In Susan’s point of view, no the insurance industry isn’t particularly good at embracing innovation and diversity but that isn’t too different to a lot of industries though. Innovation, in the insurance industry, is highly regulated and particularly in the United States where you have 50 state regulations in addition to some federal ones.

Systemically it’s hard to set up innovation in this space and yet you see a demand for digital projects and easier access to products and different kinds of products. Innovation has to happen, or the industry just isn’t offering what the market wants.

With regard to diversity that’s a problem with every industry – services, technology and insurance. When you look at cutting-edge technology, Susan believes it’s even worse. The amount of diversity in a cutting-edge area that just isn’t there. Susan think it is really interesting in that in this technology, such as blockchain, which is intended to democratise, that we need to have this diversity of thought and diversity of voices.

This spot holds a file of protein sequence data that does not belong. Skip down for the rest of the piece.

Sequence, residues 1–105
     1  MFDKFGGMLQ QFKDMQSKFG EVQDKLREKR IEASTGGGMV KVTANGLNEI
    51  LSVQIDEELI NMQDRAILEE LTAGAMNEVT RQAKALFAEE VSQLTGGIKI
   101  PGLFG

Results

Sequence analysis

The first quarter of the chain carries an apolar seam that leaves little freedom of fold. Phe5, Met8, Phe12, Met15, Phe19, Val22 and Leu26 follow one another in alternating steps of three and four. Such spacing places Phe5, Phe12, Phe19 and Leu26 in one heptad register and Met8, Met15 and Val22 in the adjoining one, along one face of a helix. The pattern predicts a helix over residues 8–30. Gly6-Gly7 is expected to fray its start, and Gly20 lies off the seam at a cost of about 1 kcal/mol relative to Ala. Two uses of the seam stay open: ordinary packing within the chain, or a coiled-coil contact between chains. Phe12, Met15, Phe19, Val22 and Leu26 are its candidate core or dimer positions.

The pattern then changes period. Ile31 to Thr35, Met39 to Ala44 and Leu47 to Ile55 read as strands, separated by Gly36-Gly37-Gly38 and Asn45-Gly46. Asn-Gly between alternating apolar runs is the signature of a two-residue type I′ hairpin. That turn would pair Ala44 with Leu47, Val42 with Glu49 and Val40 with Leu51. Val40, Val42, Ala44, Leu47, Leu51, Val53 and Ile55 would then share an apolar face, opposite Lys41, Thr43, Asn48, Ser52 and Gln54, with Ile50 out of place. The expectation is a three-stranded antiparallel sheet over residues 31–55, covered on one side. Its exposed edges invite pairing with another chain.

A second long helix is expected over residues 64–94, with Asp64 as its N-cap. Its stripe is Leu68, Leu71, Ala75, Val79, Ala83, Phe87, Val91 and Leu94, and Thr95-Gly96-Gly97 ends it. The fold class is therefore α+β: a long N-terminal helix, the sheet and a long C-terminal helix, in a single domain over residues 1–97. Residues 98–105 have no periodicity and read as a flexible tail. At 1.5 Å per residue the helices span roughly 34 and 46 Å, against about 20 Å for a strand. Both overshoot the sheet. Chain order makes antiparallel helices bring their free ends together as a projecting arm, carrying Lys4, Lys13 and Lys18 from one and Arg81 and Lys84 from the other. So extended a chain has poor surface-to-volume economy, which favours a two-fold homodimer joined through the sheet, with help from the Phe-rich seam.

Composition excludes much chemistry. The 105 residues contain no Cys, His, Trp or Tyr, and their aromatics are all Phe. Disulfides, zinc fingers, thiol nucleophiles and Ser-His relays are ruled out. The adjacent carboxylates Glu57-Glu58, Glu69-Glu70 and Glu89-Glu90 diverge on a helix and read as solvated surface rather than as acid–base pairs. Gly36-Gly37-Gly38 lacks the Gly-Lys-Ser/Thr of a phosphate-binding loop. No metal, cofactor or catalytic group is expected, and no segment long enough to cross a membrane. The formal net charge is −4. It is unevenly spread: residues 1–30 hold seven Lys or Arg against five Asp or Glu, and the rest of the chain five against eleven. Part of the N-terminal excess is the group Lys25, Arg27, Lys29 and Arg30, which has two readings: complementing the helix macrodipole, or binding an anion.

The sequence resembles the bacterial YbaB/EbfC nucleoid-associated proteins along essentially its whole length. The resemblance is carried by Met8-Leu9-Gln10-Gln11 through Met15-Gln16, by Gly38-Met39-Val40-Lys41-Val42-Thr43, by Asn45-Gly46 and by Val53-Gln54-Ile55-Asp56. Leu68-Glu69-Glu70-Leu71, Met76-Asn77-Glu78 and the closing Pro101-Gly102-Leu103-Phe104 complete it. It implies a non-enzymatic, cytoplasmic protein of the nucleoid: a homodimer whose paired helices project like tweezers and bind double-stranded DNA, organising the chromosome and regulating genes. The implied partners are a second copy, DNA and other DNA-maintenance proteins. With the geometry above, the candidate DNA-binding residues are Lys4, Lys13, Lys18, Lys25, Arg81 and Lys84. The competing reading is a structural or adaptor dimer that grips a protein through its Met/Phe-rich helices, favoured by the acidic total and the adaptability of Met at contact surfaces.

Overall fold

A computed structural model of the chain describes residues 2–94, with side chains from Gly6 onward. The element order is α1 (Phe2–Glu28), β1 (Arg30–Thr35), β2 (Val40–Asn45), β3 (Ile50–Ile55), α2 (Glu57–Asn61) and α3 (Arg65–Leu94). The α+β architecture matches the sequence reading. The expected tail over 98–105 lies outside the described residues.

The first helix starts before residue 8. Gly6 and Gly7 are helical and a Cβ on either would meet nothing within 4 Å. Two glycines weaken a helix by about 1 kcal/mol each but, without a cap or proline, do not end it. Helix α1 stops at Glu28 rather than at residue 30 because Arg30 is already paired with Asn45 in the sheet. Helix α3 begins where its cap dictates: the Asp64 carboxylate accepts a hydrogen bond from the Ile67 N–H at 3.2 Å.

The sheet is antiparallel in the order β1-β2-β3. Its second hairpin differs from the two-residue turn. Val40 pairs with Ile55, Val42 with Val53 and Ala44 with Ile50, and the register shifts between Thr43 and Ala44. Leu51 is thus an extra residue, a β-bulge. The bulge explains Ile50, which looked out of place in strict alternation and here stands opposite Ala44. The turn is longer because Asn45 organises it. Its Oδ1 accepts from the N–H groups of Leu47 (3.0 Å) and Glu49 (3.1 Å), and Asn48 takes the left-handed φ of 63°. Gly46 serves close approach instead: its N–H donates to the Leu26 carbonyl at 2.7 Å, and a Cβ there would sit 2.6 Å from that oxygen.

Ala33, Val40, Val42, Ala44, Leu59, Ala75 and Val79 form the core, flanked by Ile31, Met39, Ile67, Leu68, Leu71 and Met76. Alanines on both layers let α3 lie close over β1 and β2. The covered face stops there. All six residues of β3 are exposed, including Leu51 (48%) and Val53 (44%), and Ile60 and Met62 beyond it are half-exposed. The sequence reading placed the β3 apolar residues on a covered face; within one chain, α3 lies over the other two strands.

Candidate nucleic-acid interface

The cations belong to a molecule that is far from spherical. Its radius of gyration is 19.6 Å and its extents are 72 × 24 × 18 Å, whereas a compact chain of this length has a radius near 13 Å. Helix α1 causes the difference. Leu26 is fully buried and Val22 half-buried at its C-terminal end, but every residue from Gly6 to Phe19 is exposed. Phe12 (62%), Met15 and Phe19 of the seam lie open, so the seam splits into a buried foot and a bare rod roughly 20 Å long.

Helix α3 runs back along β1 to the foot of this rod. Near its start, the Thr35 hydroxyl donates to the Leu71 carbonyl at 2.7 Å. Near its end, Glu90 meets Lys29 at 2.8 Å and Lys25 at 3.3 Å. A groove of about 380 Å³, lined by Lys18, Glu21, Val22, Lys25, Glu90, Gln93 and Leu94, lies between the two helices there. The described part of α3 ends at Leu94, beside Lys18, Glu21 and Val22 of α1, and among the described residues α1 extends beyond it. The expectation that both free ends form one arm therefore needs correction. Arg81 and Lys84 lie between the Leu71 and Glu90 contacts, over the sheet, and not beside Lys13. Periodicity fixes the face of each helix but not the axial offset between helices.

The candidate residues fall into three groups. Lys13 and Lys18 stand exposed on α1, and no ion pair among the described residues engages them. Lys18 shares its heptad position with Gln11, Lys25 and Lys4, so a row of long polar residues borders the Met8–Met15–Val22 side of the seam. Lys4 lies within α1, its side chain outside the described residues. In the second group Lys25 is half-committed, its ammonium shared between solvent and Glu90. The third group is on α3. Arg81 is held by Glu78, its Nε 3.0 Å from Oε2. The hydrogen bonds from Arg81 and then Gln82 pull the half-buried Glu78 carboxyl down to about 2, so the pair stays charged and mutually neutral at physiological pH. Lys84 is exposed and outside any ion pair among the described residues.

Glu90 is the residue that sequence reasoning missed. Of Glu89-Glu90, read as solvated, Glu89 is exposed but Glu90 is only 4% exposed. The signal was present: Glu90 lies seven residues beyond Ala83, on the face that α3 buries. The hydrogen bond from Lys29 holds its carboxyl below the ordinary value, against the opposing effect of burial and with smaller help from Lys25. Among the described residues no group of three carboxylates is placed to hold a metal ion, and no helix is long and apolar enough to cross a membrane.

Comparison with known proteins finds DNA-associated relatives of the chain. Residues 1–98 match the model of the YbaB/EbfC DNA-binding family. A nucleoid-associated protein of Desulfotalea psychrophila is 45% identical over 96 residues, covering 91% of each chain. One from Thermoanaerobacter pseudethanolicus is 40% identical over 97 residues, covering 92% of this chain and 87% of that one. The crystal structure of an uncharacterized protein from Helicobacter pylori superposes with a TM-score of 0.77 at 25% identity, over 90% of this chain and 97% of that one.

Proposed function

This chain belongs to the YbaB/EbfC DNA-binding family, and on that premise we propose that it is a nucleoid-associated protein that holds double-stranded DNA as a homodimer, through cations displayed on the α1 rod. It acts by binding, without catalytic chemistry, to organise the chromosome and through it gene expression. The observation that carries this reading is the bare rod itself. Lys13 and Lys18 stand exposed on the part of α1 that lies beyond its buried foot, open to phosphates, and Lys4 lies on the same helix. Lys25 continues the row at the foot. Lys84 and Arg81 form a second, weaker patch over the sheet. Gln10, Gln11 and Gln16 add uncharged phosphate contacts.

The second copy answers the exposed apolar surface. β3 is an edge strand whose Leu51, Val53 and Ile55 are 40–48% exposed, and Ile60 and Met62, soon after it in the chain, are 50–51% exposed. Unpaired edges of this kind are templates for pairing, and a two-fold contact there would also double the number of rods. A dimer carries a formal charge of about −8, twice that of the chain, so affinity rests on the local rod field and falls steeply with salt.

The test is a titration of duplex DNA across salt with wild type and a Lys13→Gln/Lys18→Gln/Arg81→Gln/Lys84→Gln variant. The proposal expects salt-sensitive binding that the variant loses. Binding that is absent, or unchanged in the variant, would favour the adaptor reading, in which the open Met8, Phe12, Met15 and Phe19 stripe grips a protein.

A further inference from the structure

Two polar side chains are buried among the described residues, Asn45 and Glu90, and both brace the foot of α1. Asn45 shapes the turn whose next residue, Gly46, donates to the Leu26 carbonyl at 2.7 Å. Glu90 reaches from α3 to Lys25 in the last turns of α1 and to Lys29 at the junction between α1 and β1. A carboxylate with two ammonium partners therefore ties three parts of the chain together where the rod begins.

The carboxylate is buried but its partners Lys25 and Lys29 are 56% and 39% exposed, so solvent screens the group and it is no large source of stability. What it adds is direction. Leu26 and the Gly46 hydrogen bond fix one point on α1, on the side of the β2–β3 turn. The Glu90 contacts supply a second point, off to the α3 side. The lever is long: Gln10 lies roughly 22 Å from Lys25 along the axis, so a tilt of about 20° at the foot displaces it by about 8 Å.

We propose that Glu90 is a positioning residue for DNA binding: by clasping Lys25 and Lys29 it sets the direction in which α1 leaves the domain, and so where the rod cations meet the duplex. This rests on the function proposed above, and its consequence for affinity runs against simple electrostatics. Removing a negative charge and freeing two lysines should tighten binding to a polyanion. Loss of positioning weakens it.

it’s not, there’s not a full-throated diversity effort let’s just put it that way and I think it’s really interesting in this technology which is intended to democratize, the more diverse thought and diverse voices in there that needs to happen. Because that’s a population that we want to serve.

Diversity is diversity in terms of gender, types of voices, cultural and a lot more. It is an inclusion play. Plenty of studies have shown boars with three or more women really start to affect the culture and change and increased profitability. A set of diverse voices and thoughts will improve the innovation side of any company. It’s really hard to innovate in an echo chamber.